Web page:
Yes, daily we wandered in these streets beside the well–known buildings, and today we still feel that the city was “ours.” Today we do not even know the names of the streets. The leaders of the new government did not forget to name Beregovo's main street after Bohdan Khmelnytsky. “It is for him”, the bloody pogrom leader, to have this street name in the one–third Jewish city since “6,000 citizens” – as expressed in the Russians' propaganda pamphlet – did not return to this city after the war.

And yet, there are descendants of our brothers and sisters who still maintain contact with their acquaintances who have “emigrated” to Hungary. There may be some who offered their help to the Jews before they were locked in the ghetto, but the general facts cannot be changed. Those who remained in Beregovo (allegedly there are nearly 300 Jewish families living there) have to live “in peace” with their neighbors. But there is only one Beregszasz to us: the Jews who settled in Israel or in the free world; together we all form a Jewish community whose headquarters are in the Jewish State; we feel with in a family only with them, and if we have sentiments about Berehovo–Beregszász, they only represent the community whose members live outside the city! Not the name of the city, but rather the memory of Judaism and the Jewish community keep us together!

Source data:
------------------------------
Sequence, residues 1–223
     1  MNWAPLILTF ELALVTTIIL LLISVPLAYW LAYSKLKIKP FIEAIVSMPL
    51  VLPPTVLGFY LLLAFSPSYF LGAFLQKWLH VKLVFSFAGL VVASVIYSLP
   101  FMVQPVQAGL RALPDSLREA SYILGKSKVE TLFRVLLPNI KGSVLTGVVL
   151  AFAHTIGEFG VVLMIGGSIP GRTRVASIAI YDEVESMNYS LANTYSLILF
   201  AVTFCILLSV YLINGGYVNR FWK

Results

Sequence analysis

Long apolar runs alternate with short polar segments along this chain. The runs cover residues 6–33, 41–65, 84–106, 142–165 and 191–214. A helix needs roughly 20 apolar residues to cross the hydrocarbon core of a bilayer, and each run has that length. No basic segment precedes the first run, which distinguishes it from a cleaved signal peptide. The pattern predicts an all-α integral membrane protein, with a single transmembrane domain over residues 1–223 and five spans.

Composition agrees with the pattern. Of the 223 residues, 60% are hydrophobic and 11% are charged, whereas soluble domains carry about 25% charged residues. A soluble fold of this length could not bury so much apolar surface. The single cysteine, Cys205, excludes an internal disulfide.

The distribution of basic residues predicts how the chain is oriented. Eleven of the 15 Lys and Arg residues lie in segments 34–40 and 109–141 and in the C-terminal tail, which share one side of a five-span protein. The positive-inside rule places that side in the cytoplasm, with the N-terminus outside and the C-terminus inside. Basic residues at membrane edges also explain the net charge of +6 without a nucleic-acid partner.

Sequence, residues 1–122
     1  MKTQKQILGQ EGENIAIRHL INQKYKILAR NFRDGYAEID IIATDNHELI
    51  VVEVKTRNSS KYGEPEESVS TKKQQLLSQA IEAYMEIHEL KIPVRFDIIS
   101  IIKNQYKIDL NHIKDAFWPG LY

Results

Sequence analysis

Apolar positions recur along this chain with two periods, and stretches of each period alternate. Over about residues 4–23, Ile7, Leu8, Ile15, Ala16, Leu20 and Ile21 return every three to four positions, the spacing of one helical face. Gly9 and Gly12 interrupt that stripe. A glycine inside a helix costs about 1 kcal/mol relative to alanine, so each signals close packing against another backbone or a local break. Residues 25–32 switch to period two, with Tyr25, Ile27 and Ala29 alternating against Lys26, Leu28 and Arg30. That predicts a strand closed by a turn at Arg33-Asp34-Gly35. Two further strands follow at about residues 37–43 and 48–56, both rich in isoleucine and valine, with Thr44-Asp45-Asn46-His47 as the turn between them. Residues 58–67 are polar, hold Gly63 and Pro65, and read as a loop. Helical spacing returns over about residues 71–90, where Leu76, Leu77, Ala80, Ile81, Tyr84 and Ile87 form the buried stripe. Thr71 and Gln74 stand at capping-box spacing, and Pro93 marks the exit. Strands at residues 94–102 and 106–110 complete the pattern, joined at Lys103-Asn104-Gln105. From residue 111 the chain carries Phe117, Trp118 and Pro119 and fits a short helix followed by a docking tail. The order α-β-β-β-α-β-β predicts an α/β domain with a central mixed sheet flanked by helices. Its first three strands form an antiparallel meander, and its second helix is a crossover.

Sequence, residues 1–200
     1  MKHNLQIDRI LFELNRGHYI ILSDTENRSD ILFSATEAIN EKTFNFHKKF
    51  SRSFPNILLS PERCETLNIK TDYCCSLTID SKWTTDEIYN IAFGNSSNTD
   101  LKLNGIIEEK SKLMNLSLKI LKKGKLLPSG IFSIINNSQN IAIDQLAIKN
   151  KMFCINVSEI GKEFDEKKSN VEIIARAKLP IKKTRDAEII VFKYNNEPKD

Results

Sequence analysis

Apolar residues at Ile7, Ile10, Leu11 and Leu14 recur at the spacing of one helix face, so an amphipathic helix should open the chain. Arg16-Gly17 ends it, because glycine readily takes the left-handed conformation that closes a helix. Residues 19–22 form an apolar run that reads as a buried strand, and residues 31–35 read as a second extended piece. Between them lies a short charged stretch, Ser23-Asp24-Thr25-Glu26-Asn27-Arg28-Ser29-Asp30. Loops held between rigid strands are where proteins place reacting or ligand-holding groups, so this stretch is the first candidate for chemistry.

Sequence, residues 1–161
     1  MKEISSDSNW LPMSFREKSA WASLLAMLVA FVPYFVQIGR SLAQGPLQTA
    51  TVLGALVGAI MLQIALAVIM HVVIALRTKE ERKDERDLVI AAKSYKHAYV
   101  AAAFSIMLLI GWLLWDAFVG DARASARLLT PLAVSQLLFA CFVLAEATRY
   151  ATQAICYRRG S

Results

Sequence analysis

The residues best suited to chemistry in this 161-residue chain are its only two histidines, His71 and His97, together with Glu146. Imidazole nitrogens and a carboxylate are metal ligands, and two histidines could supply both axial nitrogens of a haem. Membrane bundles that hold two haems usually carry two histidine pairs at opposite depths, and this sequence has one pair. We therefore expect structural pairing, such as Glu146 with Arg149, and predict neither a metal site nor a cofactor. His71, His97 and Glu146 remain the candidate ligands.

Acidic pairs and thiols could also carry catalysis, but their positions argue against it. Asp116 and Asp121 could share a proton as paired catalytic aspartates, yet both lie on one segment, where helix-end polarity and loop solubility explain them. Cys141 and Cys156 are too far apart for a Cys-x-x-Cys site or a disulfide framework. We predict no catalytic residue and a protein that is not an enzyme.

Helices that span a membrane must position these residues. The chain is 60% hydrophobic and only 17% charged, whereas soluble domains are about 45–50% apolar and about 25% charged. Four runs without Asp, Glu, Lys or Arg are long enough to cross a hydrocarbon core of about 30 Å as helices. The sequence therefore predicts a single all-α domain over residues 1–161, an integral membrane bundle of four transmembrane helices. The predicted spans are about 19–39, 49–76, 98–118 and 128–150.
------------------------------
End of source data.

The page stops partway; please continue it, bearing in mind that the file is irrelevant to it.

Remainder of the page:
In summary, of our brothers who were there – we wrote. The small number of survivors – we mentioned. The city buildings and streets that we still remember – we have not forgotten. For our families' posthumous property – houses, shops, factories, and vineyards – we said “Kaddish.” The face of the new Beregovo, the new authorities, who falsify and forget about the past do not interest us. In the pictures in this chapter, you will find only a remembrance, a comparison, a history lesson. It is enough if we see the pictures and remember. conscientiously fought for survival, try to remember those families that not only have no photos but also no memories left!

 

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You will recognize the street?